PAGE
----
The Lab of O recently released a report saying the world’s wild bird population 
has dropped an alarming 29% in the last five decades. I also received a list 
from the Lab of O about how we as individuals can help reduce the harm to 
birds. Suggestions include preventing window strikes, stopping cat predation, 
stopping pesticide use, planting native species instead of lawns, reducing 
plastic use and recycling plastic, and not consuming sun-grown coffee. I would 
add bananas and sugar to that list of tropical plantations which destroy 
habitat, and suggest generally eating locally. The list also talks about 
advocating policies in each of those areas.

Anyway, the suggestions are good, and I support them. Yet I think there’s an 
elephant in the room. An issue which was not mentioned is destroying coastal 
habitats, mountain habitats, and arctic habitats including sea ice. It is 
causing desertification. It is producing larger wildfires, including where 
plants and animals are not fire-adapted. It is destroying coral reefs which are 
nurseries for fish. It has already moved the ranges of fish and other aquatic 
bird food by hundreds of miles or affected their populations. It creates 
increasingly powerful storms which can devastate islands, as we have seen in 
Puerto Rico and the Bahamas.

The problem is climate change, and it is predicted to move the growing 
conditions for plants much faster than the plants can move and regrow, thus 
destroying habitats for birds at range-wide scales. And that’s before 
considering all the habitat destruction caused by humans trying to adapt, move, 
fight over resources, and create new farm land to replace the areas which are 
no longer usable.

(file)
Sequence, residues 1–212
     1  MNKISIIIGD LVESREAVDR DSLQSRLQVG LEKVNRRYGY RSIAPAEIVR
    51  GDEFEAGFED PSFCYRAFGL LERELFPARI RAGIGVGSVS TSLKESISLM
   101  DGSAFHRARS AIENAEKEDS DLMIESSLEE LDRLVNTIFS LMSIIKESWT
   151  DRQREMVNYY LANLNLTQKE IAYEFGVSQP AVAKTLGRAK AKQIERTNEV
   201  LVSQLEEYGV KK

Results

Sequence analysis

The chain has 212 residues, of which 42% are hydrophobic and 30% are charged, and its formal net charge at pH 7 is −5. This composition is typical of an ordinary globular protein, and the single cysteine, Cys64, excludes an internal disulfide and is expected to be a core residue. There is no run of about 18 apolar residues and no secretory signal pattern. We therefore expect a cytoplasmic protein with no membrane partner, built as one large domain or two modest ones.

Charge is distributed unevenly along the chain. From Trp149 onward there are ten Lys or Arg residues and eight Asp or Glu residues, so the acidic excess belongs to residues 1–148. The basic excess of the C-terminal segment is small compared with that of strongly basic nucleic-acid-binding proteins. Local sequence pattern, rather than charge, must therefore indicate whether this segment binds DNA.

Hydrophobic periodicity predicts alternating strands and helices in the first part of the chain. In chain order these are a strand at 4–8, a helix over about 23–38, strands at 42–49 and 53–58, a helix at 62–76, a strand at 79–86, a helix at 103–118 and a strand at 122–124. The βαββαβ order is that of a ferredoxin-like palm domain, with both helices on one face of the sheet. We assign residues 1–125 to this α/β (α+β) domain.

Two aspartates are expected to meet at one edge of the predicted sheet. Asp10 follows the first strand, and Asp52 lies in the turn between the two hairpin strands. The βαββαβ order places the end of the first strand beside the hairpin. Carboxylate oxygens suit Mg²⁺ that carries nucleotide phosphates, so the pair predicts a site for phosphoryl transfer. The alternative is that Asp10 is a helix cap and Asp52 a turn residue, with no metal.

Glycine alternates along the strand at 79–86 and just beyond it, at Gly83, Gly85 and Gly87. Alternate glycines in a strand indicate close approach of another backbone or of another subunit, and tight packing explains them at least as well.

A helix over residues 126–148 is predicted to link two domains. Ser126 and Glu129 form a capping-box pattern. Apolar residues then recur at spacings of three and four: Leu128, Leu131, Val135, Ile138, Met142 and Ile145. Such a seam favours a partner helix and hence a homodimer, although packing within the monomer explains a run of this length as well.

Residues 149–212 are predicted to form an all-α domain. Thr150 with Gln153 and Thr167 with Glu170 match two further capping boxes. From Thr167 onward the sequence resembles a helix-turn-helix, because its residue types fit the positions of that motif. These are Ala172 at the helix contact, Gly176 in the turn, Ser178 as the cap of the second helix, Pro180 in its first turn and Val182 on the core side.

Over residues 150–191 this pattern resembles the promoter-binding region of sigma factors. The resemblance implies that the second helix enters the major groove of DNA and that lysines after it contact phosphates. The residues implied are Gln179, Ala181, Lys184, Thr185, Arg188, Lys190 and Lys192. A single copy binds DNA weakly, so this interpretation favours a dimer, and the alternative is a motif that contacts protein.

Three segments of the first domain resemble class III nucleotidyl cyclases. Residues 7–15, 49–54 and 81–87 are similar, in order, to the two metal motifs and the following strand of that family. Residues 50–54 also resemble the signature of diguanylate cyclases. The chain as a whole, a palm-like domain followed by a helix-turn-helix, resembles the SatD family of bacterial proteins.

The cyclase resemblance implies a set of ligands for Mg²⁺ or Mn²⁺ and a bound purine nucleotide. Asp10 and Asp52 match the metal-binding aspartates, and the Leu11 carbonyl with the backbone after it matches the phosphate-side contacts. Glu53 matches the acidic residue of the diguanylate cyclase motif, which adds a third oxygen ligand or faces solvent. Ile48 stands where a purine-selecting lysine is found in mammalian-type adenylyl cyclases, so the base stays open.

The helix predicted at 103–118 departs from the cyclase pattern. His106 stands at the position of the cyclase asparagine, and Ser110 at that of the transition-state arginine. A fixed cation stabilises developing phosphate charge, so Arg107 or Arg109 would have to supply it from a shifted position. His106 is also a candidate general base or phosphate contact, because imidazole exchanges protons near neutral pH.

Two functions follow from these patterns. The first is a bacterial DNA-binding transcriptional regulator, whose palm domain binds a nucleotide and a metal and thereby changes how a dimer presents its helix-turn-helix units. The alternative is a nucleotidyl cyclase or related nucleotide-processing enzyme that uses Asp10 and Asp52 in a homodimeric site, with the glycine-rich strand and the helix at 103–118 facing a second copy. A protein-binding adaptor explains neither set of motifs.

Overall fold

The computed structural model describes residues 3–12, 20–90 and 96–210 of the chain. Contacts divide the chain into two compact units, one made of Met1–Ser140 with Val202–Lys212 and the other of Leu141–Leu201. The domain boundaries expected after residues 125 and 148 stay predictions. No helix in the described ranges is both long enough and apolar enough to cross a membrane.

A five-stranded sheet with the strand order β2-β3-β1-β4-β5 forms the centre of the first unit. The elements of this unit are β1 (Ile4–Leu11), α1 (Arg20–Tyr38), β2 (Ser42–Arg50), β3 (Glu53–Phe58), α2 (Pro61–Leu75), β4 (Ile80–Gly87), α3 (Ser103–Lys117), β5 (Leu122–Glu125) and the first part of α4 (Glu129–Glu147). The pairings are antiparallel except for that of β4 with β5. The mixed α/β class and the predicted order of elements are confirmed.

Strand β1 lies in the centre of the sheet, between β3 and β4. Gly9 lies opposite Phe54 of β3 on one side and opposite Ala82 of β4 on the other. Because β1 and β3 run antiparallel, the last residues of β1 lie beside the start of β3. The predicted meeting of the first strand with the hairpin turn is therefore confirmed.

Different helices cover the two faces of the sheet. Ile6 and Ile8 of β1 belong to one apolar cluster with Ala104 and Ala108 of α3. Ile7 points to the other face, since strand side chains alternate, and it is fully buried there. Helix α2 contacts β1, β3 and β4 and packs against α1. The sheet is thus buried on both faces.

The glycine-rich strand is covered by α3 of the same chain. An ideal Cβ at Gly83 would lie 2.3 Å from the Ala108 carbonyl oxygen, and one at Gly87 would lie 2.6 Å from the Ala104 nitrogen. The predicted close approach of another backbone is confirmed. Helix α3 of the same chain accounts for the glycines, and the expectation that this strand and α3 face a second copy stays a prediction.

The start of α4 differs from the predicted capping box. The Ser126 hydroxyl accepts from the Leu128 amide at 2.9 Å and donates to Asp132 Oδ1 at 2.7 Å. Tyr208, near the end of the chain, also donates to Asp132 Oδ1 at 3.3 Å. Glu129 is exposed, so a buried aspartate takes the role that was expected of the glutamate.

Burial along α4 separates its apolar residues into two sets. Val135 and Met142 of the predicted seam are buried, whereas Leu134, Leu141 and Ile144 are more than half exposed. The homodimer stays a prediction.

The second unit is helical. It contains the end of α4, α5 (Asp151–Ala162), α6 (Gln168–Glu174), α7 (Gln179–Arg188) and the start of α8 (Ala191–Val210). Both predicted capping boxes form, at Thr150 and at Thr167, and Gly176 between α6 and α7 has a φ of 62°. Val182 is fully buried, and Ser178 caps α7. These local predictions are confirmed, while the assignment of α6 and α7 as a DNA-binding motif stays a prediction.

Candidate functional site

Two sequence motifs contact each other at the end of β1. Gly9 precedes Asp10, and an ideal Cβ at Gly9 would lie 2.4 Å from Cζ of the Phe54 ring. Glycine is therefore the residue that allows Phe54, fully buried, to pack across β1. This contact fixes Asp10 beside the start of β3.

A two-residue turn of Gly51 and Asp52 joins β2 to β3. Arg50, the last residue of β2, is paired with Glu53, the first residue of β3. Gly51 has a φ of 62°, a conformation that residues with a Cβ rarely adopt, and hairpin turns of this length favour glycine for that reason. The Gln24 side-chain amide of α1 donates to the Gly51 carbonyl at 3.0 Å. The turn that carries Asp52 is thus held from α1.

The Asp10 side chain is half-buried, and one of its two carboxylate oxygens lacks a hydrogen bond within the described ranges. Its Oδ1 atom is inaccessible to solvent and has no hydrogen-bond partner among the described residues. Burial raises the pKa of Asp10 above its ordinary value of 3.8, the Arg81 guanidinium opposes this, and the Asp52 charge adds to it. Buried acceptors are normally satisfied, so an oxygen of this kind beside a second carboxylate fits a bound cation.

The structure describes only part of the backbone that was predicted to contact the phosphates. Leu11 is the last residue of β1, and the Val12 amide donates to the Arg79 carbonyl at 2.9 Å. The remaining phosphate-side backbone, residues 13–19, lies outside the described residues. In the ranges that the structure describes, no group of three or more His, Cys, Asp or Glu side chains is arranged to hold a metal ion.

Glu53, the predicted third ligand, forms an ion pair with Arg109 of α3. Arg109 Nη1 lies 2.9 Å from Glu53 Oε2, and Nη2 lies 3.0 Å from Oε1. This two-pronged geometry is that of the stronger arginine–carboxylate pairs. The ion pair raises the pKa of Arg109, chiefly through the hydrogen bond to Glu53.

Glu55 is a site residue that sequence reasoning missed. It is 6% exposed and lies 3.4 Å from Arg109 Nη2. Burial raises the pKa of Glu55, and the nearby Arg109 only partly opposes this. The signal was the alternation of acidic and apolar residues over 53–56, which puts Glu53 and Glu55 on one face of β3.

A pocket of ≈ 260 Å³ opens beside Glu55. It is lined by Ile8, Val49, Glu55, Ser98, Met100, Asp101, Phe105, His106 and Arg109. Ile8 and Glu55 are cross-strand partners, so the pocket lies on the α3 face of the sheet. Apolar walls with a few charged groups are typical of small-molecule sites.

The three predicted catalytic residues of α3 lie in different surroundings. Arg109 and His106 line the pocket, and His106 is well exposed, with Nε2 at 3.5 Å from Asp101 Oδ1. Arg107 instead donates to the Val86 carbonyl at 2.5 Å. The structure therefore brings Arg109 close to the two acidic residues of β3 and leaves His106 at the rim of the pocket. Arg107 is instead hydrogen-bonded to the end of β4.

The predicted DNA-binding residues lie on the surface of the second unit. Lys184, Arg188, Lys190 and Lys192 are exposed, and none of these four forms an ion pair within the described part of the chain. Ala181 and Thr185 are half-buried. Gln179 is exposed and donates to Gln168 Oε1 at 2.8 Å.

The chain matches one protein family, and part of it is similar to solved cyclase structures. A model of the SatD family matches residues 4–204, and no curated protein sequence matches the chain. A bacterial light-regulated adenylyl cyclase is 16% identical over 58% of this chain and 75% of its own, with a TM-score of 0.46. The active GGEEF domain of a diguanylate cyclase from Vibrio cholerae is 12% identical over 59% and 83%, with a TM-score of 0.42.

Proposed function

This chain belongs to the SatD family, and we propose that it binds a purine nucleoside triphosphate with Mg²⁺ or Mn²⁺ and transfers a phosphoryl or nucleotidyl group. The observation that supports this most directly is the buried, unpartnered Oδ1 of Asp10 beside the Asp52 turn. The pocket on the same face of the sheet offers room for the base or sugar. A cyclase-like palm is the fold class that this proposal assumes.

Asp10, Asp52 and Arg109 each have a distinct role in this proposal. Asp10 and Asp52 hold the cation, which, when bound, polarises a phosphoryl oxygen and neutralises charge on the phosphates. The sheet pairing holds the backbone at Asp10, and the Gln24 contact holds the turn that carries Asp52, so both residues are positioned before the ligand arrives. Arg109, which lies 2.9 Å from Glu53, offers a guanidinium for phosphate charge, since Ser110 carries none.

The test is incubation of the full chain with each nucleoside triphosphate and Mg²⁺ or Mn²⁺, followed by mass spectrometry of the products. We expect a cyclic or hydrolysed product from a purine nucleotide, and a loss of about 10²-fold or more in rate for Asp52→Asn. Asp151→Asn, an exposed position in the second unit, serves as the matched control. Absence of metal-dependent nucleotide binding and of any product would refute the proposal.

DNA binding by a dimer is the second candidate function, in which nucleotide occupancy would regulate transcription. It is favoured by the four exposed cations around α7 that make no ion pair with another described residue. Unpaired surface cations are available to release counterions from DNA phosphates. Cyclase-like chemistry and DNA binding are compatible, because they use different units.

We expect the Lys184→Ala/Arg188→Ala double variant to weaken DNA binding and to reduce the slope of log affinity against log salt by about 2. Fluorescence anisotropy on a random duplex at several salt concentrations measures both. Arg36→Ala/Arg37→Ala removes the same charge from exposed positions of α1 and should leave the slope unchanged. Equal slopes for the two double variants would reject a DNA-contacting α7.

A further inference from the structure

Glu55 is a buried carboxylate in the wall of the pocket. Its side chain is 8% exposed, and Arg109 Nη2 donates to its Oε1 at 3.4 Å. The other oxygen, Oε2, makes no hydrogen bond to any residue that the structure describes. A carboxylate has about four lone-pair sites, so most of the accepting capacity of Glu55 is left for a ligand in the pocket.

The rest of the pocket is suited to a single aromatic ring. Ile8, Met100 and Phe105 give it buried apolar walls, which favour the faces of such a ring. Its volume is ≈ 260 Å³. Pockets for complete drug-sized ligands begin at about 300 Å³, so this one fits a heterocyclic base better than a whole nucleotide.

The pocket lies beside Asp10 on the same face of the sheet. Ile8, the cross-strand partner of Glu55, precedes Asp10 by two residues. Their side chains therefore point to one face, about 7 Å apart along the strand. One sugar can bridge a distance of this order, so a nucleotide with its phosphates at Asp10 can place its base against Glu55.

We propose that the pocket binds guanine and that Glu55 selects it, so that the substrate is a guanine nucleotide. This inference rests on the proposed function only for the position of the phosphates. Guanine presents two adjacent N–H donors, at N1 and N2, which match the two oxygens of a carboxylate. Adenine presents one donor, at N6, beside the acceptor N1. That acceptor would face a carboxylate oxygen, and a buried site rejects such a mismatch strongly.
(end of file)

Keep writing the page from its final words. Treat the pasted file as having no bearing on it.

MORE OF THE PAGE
So, I think fighting climate change should be on that list for helping birds 
(as well as helping many other creatures, including humans). And that means, 
among many other things, reducing our carbon footprints to limit the future 
damage. 

What is the carbon footprint of birding, and what would reducing it mean?
Not flying?

Using an electric car charged with renewable energy or at least a high mpg car? 
 (And even keeping renewable energy use at a moderate level, because 
photovoltaic & wind “farms” also displace habitat and harm birds.) 
Limiting miles driven? 
Car-pooling to go birding? 

Using discretion when deciding what trips to take? How many gallons of gasoline 
should be burned by people to see a little lost bird? Putting a limit on the 
area in which to chase rarities. Staying in a county or a basin rather than 
trying to personally cover a state, country, continent, or planet? Forego 
chasing rarities which have been seen before? 

More positively, how about concentrating birding on a small area and getting to 
know its birds well: places you can walk or bike to, places that are already 
along your daily commute. 

And for myself, I have greatly enjoyed the photographs of birds and 
descriptions of the birds’ activities which other people have contributed to 
their eBird reports. Rather than envy, I can share their joy without feeling I 
need to jump in a car to see (or miss) that bird myself.

Anyway, these are some issues I have been struggling with, and I wonder if 
other birders are also thinking about these things. Thanks.

- - Dave Nutter
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